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Publication numberUS20100276803 A1
Publication typeApplication
Application numberUS 12/771,507
Publication dateNov 4, 2010
Filing dateApr 30, 2010
Priority dateApr 30, 2009
Publication number12771507, 771507, US 2010/0276803 A1, US 2010/276803 A1, US 20100276803 A1, US 20100276803A1, US 2010276803 A1, US 2010276803A1, US-A1-20100276803, US-A1-2010276803, US2010/0276803A1, US2010/276803A1, US20100276803 A1, US20100276803A1, US2010276803 A1, US2010276803A1
InventorsTakayuki Higuchi, Yoshihiro Tomura
Original AssigneePanasonic Corporation
Export CitationBiBTeX, EndNote, RefMan
External Links: USPTO, USPTO Assignment, Espacenet
Semiconductor device and method of manufacturing the same
US 20100276803 A1
Abstract
A semiconductor element (101) includes an electrode section (102) and a bump (105), a circuit board (103) includes an electrode section (104) and a bump (106), and a conductive filler (108) having a lower melting point than the melting points of the bumps (105, 106) electrically bonds the bumps (105, 106) to each other.
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Claims(11)
1. A semiconductor device comprising: a semiconductor element having a first electrode section and a first bump provided on the first electrode section;
a circuit board having a second electrode section and a second bump provided on the second electrode section; and
a junction for electrically bonding the first bump and the second bump, the junction having a lower melting point than a melting point of both the first bump and the second bump.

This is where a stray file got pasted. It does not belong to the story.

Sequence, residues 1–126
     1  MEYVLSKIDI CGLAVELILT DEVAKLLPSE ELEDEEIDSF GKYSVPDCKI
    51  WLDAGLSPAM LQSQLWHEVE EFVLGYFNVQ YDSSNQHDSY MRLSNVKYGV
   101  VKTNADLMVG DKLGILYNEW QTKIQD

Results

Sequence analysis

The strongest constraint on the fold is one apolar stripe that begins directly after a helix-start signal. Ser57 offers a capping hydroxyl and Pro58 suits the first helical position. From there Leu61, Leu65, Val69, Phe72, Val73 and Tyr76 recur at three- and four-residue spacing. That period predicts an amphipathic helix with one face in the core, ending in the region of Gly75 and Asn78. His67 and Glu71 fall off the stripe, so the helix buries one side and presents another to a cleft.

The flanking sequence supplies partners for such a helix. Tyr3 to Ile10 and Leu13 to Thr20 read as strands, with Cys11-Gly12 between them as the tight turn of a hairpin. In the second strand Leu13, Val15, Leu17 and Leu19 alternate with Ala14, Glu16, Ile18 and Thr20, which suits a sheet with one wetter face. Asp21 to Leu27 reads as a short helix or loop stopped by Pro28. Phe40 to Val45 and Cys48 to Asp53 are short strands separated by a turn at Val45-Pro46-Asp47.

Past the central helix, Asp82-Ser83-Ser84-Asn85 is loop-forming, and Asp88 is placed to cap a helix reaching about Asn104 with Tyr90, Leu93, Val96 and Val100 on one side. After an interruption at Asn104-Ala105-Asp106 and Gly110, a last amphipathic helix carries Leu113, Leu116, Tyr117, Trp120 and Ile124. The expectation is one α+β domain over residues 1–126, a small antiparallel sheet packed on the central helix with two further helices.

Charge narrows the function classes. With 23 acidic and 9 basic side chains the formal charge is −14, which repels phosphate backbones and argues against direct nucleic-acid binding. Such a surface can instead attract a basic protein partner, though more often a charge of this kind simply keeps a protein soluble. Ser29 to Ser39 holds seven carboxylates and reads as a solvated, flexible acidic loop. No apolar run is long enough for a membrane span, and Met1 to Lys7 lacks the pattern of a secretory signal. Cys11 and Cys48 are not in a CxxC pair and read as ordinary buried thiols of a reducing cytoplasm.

2. The semiconductor device according to claim 1, further comprising
a thermo-setting insulating resin section for covering one of a periphery of and a part of the junction.
3. The semiconductor device according to claim 1, wherein
the first bump and the second bump are both convexly formed and abut each other at distal end portions thereof to constitute an abutting section, and
the junction is formed so as to cover one of a periphery and a part of the abutting section.
4. The semiconductor device according to claim 1, wherein
one of the first bump and the second bump is convexly formed and an other is formed so as to have a tabular tip, a distal end portion of the convexly formed first bump abutting a tabular surface of the bump formed to have the tabular tip formed to constitute an abutting section, and
the junction is formed so as to cover one of a periphery and a part of the abutting section.
5. The semiconductor device according to claim 1, wherein
the first bump and the second bump are both formed so as to have a tabular tip and abut each other at tabular surfaces thereof to constitute an abutting section, and
the junction is formed so as to cover one of a periphery and a part of the abutting section.
6. A method of manufacturing a semiconductor device comprising the steps of:
forming a paste that is a mixture of a conductive material and a thermo-setting insulating resin on at least one of a first bump formed on a semiconductor element and a second bump formed on a circuit board;
abutting the first bump and the second bump on each other via the paste; and
electrically bonding an abutting section of the first bump and the second bump with the solidified conductive material, in a state where the first bump and the second bump abut each other via the paste, by heating at a temperature not lower than a melting point of the conductive material and a curing temperature of the thermo-setting insulating resin and lower than melting points of the first bump and the second bump.
7. The method of manufacturing a semiconductor device according to claim 6, wherein
in the step of electrically bonding the abutting section of the first bump and the second bump with the solidified conductive material, the thermo-setting insulating resin is cured so as to cover one of a periphery and a part of the abutting section of the first bump and the second bump.
8. A method of manufacturing a semiconductor device comprising the steps of:
forming a paste that is a mixture of a conductive material and a thermo-setting insulating resin on at least one of a first bump formed on a semiconductor element and a second bump formed on a circuit board;
abutting the first bump and the second bump on each other via the paste;